Developing educated, informed, and engaged citizens.

Concept Map


Opportunities for all students, regardless of academic skill or ability, to engage in civic action by using knowledge and skills to address genuine community needs on a school, local, regional, state or broader level through preparation, action and reflection


  • Student reflections/exit slips
  • Root Cause Tree Analysis
  • Community Asset Maps
  • Curriculum Maps
  • Assessments
  • Reflections from community partners
  • Democracy School Student Survey data
  • Civic Action Fair


  • Identify community need and use skills from Math course to build a solution to meet that need
  • Research and understand candidate perspectives on issues for an election in Social Studies class and then volunteer for your preferred candidate
  • Analyze issues related to immigration in World Language class and create a project to address an identified need
  • Identify themes from texts in English class and create projects that address community needs related to that theme
  • In science class, analyze effects of lead in homes and provide opportunities to conduct lead testing and create brochures to educate community members on the issue

Connections to Principles of "Lived Civics"

  • Projects stem from student interest and build upon their lived experiences and identities
  • Projects include analysis of power as it relates to topics discussed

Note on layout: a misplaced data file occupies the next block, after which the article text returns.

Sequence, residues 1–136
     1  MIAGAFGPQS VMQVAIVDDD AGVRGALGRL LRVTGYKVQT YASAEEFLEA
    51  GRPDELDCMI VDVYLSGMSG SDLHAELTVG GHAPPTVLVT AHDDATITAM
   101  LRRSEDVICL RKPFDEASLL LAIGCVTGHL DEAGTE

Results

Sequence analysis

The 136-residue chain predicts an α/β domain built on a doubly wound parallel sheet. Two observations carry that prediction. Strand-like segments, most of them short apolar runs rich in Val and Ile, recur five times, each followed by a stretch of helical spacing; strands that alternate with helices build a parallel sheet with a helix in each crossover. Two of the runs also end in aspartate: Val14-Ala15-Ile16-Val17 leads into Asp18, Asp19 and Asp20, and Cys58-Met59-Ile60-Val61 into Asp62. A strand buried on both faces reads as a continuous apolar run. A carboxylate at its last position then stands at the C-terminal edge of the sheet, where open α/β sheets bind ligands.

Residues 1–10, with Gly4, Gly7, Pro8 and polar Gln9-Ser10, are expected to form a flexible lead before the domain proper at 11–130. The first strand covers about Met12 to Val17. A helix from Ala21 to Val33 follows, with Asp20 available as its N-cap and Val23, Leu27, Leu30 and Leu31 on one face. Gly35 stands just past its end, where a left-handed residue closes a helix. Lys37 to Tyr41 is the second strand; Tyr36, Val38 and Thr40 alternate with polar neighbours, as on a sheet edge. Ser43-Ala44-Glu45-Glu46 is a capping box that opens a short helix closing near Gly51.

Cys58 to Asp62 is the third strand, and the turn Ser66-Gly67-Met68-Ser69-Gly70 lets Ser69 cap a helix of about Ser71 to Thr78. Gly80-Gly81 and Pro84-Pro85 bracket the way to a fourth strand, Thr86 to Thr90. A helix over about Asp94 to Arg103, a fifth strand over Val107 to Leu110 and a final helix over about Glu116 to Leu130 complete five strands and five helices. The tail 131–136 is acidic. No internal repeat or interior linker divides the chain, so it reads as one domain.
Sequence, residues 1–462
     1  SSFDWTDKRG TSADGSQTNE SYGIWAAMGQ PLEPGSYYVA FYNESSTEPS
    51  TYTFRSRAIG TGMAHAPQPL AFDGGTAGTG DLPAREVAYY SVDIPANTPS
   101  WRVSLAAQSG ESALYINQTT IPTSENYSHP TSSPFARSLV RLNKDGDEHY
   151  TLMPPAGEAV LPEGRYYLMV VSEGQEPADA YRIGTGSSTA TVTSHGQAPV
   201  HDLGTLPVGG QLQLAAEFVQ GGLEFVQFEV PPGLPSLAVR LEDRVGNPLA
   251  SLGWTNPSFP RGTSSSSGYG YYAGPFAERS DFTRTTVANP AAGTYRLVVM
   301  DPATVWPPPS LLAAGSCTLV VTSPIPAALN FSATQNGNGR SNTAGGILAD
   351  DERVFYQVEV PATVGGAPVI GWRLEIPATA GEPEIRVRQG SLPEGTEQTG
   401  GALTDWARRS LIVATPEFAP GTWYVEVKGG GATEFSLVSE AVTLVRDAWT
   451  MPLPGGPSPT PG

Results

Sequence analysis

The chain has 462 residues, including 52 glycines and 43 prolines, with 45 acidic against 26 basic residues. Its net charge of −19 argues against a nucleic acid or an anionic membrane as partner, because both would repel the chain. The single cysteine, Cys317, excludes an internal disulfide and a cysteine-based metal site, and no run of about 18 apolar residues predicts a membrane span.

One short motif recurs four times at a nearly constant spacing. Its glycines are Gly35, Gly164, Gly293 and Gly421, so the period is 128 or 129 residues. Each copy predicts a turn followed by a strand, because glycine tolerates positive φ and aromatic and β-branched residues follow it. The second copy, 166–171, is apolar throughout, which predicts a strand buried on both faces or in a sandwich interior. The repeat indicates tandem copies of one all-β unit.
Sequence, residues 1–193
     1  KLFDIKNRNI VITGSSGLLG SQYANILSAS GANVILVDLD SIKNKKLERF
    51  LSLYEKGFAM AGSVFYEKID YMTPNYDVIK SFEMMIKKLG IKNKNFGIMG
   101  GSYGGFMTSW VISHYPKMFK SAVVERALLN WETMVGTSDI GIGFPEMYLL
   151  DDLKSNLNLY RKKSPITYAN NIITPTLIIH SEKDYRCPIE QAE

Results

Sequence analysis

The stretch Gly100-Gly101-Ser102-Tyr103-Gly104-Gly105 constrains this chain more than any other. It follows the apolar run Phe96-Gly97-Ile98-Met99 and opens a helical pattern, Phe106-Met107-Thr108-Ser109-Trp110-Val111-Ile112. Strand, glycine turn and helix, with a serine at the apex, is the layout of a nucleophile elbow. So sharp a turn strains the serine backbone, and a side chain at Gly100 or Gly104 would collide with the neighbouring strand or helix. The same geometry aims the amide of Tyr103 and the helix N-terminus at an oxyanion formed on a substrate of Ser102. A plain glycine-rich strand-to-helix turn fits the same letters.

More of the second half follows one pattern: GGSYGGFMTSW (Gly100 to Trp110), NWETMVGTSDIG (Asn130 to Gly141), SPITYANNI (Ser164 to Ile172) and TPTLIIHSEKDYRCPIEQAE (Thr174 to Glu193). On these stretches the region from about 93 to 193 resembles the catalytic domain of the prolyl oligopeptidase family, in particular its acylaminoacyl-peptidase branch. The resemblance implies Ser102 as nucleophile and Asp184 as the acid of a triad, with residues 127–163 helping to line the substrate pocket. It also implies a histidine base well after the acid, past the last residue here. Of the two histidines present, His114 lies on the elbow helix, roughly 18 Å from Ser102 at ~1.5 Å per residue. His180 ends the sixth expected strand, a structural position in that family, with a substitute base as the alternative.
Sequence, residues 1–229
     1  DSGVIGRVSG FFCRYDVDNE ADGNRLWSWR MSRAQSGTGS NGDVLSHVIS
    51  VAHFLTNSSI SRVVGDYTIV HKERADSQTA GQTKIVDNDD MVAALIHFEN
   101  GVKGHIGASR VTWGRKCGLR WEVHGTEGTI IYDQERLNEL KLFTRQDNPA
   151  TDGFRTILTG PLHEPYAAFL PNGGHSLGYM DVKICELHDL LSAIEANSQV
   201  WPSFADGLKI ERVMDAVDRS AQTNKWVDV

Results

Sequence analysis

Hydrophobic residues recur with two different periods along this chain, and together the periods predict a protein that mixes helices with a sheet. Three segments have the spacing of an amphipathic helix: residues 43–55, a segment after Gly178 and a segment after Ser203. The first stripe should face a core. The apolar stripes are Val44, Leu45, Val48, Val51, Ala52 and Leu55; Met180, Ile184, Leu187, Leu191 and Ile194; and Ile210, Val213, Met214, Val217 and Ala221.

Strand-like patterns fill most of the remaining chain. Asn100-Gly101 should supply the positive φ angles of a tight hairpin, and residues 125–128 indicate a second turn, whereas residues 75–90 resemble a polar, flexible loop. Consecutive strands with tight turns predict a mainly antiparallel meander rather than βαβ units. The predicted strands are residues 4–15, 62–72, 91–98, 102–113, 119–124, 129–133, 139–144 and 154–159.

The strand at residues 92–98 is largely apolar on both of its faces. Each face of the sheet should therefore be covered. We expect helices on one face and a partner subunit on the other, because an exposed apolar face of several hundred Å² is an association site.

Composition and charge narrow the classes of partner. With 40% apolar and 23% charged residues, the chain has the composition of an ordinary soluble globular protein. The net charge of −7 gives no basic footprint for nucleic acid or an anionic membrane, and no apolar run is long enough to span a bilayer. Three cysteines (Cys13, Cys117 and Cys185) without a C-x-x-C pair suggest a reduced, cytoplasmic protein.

• Awareness and reflection on how identity affects engagement with service learning
  • Understanding the unique needs of different groups in the community that students are working with

Case Study

The Monarch Butterfly project at J. Sterling Morton West High School is a student citizen science human impact project aligned to the performance expectations of the Next Generation Science Standards and Common Core, and is about much more than saving monarchs. The primary goal is for students to learn how to solve real world problems, save one of the most endangered species in the world, and help build a better community around a common cause. It has connected Morton West students to students, citizens, and scientists all across America, Mexico, and Canada who are also urgently working on this endeavor. Students began by using scientific inquiry to study existing pollinator habitats to gather knowledge about biodiversity and the ecological needs of monarch butterflies. Building on this, they worked to determine a solution: to plan, design, and create a monarch butterfly habitat to be constructed on school property. Each student has a unique leadership role to play in their group: the team scientist, technologist, engineer, or mathematician, thus ensuring that each student is invested in the project regardless of skill and ability.

In addition to designing the habitat, each student devises a solution to a separate problem (their passion project), where they write a song, create an educational sign, make a film, create artwork or come up with anything they can that invokes the everyday person to stop and think about their impacts on their environment, and ideally, makes them change their behavior to reduce those impacts on the environment. Parents, teachers, administrators and all students are invited to view this work at an end of the year exhibition to better connect the local community to this project.